[Advaita-l] BrahmaGYAna and jIvanmukti - 5 (Other References)

sriram srirudra at vsnl.com
Mon Feb 12 05:59:00 CST 2007

Dear members
I think that what is called unsteady GYana is actually GYana accomplished
yet doubt lingering in that individual as to whether that is the GYana
sought after.For this he has to verify it with the help of
Shruthi/Smrithi/Acharya.Darkness gradually disappearing giving way to light
etc,in my opinion is not   very appropriate to explain the situation as
night falling/daybreaking are due to rotation of earth. If some one is in a
dark room and suddenly electricity is switched on there is immediate
light.The adjustment to that situation may perhaps be called unsteady GYana.
----- Original Message -----
From: Vidyasankar Sundaresan <svidyasankar at hotmail.com>
To: <advaita-l at lists.advaita-vedanta.org>
Sent: Friday, February 09, 2007 10:00 AM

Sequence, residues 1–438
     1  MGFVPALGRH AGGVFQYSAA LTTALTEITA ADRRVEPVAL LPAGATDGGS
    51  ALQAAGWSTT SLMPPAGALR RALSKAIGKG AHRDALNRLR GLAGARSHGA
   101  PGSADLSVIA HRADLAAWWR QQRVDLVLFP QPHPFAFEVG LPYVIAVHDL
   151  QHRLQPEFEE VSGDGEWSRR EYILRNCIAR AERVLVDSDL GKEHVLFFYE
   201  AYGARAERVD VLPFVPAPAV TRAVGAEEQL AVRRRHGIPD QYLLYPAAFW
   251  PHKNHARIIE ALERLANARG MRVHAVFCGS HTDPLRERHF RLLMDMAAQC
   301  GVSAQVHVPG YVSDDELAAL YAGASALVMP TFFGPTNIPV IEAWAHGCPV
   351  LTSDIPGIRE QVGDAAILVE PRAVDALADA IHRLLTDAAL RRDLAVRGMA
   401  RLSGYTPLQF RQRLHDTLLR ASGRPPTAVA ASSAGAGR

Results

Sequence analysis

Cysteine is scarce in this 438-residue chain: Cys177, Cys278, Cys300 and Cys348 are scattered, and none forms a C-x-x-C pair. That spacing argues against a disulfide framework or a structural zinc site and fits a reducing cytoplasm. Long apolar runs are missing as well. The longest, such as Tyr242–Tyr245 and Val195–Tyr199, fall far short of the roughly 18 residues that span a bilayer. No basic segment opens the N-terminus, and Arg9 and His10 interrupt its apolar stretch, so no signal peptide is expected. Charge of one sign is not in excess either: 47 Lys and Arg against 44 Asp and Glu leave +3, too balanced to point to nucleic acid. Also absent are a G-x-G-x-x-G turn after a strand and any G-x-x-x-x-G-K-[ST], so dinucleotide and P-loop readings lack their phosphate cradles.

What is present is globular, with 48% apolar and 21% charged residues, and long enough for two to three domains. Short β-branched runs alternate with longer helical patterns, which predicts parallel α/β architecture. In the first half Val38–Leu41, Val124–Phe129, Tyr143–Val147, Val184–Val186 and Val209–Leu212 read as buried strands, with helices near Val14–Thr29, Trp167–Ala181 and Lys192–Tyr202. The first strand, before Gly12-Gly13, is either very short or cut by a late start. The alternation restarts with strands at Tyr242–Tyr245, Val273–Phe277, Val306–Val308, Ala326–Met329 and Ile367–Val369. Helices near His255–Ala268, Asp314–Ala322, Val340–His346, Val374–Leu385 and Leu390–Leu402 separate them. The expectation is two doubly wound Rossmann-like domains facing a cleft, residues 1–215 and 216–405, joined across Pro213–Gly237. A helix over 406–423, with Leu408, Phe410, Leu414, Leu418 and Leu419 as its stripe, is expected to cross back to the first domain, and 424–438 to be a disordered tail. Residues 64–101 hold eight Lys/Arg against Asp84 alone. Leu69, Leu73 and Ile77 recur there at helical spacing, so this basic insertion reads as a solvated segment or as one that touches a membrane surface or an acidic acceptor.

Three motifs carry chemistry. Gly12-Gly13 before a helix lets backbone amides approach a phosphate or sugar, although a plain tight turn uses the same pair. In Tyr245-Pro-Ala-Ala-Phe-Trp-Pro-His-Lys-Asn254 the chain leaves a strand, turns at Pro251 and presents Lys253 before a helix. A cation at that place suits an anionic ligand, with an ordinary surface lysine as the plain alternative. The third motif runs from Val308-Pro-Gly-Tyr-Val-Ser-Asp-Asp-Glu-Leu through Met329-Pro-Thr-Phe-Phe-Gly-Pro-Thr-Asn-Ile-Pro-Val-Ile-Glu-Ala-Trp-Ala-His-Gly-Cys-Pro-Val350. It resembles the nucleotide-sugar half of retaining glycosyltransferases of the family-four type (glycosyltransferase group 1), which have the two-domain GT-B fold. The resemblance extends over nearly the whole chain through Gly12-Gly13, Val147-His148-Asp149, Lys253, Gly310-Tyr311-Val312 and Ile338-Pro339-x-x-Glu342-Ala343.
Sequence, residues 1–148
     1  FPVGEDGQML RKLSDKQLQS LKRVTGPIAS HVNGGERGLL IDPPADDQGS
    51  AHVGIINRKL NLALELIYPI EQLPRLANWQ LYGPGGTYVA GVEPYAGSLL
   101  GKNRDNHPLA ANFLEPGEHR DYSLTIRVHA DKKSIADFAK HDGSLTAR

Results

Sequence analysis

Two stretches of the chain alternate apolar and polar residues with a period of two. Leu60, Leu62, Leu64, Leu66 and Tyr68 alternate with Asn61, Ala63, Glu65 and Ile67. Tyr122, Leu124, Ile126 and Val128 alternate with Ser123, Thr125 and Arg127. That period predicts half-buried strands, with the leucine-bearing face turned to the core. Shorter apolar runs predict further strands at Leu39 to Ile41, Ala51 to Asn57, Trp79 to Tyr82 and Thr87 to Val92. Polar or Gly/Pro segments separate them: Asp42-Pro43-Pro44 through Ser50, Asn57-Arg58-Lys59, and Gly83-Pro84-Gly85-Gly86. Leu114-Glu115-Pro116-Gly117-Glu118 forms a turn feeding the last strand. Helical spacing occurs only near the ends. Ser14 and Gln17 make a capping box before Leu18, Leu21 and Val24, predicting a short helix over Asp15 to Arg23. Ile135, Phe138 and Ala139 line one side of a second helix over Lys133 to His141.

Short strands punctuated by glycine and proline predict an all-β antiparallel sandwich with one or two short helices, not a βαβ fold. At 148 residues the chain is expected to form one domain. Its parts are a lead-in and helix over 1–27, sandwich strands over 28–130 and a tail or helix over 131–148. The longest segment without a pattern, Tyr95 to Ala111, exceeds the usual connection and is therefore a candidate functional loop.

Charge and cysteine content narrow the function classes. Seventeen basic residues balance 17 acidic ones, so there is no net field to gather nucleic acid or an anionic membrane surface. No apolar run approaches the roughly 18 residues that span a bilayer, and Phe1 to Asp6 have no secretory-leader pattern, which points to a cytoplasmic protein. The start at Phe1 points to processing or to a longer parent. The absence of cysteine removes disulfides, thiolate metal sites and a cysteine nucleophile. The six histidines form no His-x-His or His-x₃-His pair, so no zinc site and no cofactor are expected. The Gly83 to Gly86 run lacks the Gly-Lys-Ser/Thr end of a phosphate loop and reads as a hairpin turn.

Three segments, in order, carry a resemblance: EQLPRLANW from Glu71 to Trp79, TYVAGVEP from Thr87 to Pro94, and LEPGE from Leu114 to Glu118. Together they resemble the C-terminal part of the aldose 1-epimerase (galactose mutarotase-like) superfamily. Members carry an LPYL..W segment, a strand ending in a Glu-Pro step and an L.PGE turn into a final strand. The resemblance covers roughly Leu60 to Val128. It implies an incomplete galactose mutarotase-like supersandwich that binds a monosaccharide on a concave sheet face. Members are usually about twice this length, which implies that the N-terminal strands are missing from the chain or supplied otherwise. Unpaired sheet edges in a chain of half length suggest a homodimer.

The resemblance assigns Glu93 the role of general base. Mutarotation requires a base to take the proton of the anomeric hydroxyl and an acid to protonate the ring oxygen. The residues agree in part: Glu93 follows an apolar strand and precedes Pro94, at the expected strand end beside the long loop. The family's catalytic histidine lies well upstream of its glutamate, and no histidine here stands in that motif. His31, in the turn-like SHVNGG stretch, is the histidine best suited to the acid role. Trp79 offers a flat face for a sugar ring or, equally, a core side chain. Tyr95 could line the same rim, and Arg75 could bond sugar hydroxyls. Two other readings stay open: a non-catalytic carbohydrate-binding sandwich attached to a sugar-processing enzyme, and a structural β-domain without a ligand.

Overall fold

Subject: Re: [Advaita-l] BrahmaGYAna and jIvanmukti - 5 (Other References)

> >I agree that perfect sAdhana-chatushhTaya is necessary for
> >brahmaGYAna. What I do not understand is the term "unsteady GYAna"
> >which I think can be simply called as "aGYAna."
> Darkness is the "absence of light" but when night transitions into day,
> there is the period of dawn when the light emerges slowly. It is not as if
> pitch dark suddenly gives way to blinding light. For clarity in
> philosophical argumentation and for rigor in textual interpretation, one
> needs to heavily contrast darkness from light, but one also has to
> the process of the dawning of light. If an eclipse were to occur soon
> dawn but before full sunrise, the light diminishes and returns fully only
> after the period of the eclipse is over.
> If jnAna is light, ajnAna is darkness. What vidyAraNyasvAmin refers to
> stabilizing jnAna is the process of dawn, culminating in the fullness of
> daylight. He teaches vAsanA-kshaya to counter the extraneous factors that
> could cause a possible eclipse. After all, it is the same person who once
> considered himself an ajnAnI, who should become a jnAnI and thereby get
> liberated. A sudden jump from one state to another is extremely rare. What
> is more common is a gradual approach, and it is therefore necessary to
> the paths that are involved in this gradual approach.
> Regards,
> Vidyasankar
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